Transnational Ideologies and Actors at the Level of Society in South and Southeast Asia
This paper examines key transnational Islamic movements and missionary networks active in South and Southeast Asia—the Indian Tablighi Jama‘at (TJ), the Palestinian Hizb ut-Tahrir (HT), and Saudi Arabian Salafi movements. The paper looks at the structure and ideology of these movements, in general, giving particular attention to their embeddedness in everyday life. The paper observes these movements’ recruitment and training strategies as well as the patterns of socialization taking place within these movements. A global market has emerged in response to the phenomenal growth of these transnational movements wherein Islamic actors compete for followers and authority while local Muslim communities negotiate their ties with transnational Islamic networks.
By joining transnational Islamic networks, Muslims from the most marginal societies in South and Southeast Asia are brought to the forefront of the globalized Islamic community. Participation in these movements gives downtrodden masses the status of faithful members of the umma, lending them prestige and psychological uplift. Transnational Islamic actors and movements contribute to the growing Islamization of society, the increased presence of Islam in public spaces, the individualization of Islam and Islamic piety, and the consumption of Islamic products in daily life. The TJ, HT, and Salafi movements strive to be the vanguard of the Islamic revolution throughout South and Southeast Asia. These movements attempt to build a truly Islamic society on the model of the Prophet Muhammad and his faithful followers. While the Tablighi Jama‘at is a quietist, apolitical movement operating at the grassroots level, the political Hizb ut-Tahrir recruits its cadres from urban middle-class students. Both movements benefit from the growing presence and demands of a new generation of young Muslims, ages 18-25, who look for a total, encapsulating form of Islam as a modern solution to their problems and as a path to spiritual experience and strengthened piety. The growing presence of political Islamist and Salafi movements contributes to the rapid erosion of traditional Muslim elites’ authority as well as the increasing competition between traditional Sufi groups and modernizing reformist movements.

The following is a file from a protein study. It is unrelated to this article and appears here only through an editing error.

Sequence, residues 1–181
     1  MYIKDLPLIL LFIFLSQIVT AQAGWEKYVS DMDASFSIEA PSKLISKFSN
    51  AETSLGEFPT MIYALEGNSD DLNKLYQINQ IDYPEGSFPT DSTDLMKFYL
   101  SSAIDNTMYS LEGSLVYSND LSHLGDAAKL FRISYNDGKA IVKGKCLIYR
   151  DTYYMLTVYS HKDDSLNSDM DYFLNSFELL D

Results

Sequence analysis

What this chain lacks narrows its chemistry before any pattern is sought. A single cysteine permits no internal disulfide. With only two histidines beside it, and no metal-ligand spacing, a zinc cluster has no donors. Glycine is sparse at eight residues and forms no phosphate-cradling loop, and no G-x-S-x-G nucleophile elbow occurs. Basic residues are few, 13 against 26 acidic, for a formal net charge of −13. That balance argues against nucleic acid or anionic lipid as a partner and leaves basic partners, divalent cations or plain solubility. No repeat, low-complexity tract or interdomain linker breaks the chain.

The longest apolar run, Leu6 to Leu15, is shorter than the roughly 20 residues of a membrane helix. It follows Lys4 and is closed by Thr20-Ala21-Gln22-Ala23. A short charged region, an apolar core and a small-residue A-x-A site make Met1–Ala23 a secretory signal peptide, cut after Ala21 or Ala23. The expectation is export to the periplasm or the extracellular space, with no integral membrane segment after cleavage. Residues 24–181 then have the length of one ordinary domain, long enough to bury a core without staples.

- Policymakers should avoid confusing transnational pietist movements with militant groups. While Islamic movements like the TJ and HT are political in their indoctrination methods, they are nonviolent. However, their rhetoric of hatred and anti-Americanism remains a topic of serious concern.
- Pietist movements should be given suitable channels for expression. Many Muslims suffer discrimination and political exclusion. Providing these communities with channels for expression will help Muslims openly fulfill their political and spiritual aspirations. Repressive measures will only create hatred and resentment.
- Involve transnational Islamic actors in the democratic process. When Islamic groups and movements enter the democratic process, they tend to develop more moderate and pragmatic approaches.
- In focusing on the global, policymakers should not lose sight of the local. Transnational Islamic ideas and movements such as the Muslim Brotherhood, TJ and HT are being localized and indigenized at the same time. Policymakers should be alert to local differences and realities in crafting effective and nuanced solutions.